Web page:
Industry body BSG says local, central governments and providers must work together to eliminate barriers for FTTP and 5G
The UK government needs to ensure consistent planning regulations are applied across the country if its connectivity ambitions to be realised, according to a new report from the Broadband Stakeholder Group (BSG) that investigated the barriers to network infrastructure deployment.
Telecoms providers have argued for years that there is too much red tape and far too many discrepancies in local planning laws. And now the industry body hopes to capitalise on Westminster’s recent appetite for ‘pure’ fibre networks and 5G.
Among the report’s main recommendations is the creation of a cross departmental government unit to break down barriers and for ministers to work with the industry on a digital communications infrastructure strategy.
The BSG also accepts that operators and infrastructure builders could do more as well. It wants providers to share more information and to understand the concerns of local authorities.
The increasing role of fixed and mobile coverage in work and life has led to the issue of connectivity being raised by politicians and lobbyists on a number of occasions in recent years, particularly by those who suffer from slow speeds or non-existent coverage.
A number of initiatives, such as geographical mobile coverage commitments and a proposed universal service obligation (USO), have looked to remedy the situation, but attention is already being turned towards fibre to the premise (FTTP) and 5G.
However the BSG says that as telcos enter a new investment cycle, regulations that govern road digging or where small cells can be placed for example, could slow rollout and increase expenses – harming consumers and businesses in the long run.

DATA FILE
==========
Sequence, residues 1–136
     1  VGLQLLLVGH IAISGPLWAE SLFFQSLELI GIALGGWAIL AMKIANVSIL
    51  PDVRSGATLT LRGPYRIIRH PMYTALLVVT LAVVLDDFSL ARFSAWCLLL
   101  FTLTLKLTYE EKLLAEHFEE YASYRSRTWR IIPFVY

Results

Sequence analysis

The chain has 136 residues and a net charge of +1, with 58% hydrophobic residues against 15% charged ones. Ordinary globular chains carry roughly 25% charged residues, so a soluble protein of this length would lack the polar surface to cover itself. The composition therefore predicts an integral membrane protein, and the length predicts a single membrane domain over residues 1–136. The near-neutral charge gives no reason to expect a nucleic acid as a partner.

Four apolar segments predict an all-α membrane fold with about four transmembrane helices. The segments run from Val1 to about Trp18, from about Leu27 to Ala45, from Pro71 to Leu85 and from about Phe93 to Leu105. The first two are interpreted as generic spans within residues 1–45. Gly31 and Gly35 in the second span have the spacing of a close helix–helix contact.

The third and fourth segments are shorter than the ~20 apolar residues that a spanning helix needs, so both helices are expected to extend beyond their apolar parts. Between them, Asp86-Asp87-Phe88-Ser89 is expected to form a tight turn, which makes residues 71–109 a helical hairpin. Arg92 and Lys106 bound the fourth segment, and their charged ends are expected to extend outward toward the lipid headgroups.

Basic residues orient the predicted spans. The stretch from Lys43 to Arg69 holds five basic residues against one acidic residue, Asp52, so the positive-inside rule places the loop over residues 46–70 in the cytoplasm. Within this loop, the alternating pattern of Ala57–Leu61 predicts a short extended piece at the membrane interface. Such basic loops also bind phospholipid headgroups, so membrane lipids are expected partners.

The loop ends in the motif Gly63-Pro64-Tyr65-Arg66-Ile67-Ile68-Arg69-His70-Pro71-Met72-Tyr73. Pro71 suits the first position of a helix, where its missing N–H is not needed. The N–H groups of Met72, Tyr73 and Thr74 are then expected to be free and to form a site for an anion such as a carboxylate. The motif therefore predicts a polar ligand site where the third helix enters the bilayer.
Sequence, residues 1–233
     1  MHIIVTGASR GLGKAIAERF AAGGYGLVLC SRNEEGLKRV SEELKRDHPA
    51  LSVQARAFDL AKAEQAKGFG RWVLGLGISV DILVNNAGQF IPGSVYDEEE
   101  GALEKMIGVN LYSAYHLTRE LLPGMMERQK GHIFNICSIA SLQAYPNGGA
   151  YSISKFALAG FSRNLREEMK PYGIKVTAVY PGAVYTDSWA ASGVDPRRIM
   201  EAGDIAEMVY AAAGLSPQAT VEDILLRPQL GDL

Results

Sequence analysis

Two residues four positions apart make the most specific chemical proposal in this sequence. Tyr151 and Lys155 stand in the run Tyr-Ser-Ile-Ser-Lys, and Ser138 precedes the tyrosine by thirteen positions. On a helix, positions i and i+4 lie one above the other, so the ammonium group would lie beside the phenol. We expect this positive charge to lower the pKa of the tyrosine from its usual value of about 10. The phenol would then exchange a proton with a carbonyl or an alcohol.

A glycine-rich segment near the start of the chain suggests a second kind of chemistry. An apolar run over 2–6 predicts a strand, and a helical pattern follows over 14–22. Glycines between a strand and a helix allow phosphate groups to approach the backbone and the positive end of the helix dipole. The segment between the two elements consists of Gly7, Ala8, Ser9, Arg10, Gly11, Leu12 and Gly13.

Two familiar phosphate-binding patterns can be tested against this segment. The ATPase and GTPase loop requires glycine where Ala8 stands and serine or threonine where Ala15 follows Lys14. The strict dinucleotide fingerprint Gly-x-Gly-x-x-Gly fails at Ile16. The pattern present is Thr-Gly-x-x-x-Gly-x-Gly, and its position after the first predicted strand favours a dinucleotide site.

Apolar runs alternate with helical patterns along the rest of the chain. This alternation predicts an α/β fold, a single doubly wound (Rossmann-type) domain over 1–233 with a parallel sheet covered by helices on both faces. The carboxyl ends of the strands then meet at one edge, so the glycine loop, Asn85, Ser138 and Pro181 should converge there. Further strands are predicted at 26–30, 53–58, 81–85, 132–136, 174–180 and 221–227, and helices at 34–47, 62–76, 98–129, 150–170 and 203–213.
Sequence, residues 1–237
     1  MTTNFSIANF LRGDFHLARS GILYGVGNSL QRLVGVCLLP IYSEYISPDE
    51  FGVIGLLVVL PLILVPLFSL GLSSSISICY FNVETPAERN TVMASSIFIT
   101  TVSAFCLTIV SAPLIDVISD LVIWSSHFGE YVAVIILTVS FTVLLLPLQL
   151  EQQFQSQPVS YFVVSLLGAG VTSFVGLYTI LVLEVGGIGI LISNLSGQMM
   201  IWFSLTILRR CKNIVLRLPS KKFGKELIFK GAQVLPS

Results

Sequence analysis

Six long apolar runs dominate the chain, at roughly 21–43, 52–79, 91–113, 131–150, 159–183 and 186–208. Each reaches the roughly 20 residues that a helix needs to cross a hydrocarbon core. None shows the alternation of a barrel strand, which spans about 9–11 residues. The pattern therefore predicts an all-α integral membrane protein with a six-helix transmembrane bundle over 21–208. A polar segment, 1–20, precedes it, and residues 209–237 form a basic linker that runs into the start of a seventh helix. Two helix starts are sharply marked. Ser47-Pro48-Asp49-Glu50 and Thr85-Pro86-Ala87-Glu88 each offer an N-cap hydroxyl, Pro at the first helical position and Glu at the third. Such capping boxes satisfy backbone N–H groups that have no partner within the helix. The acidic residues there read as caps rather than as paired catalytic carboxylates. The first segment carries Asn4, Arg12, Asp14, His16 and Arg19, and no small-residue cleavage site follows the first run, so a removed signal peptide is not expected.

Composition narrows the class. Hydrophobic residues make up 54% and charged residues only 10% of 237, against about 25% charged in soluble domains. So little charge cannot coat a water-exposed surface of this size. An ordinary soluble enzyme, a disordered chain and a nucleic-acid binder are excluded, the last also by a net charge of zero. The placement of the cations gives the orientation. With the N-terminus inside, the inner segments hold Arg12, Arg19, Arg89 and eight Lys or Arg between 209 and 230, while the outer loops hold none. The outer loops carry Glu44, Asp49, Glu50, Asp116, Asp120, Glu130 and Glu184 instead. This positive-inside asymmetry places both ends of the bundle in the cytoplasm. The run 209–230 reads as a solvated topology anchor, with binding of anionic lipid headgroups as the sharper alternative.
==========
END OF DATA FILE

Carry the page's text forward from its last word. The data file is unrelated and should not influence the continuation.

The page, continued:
“Building infrastructure in the UK is extremely tough – due to our geography and legacy systems. But also due to regulation,” said Richard Hooper, chair of the BSG. “We need to remove these barriers to ensure we get the digital infrastructure that our economy depends on.
“On their own, these barriers can seem small but a multitude of marginal gains can add up to more than the sum of their parts. We believe that this is the case here. Removing these barriers will help unlock investment and deliver networks with better coverage, capacity and quality.”
The BSG hopes its report will provide a “solid base” for the future, acknowledging that proposed changes to the Electronic Communications Code (ECC), the recent Ofcom communications review and EU directives have helped ease the regulatory landscape.
“We will work with Government and local authorities and telecoms operators to implement these changes and the adoption of best practice,” added Matthew Evans, BSG CEO. “We appreciate that there are a number of areas that we excluded from the remit of the report, including wayleaves, business rates, access to energy and potential barriers to small cell deployment. We will be looking to conduct further work in some of these areas in the future.”
A separate report from the BSG earlier this year expressed the concerns of the industry as the UK gears up for Brexit negotiations. It called on the government to ensure the sector had regulatory certainty and access to talent, markets and cross-border services.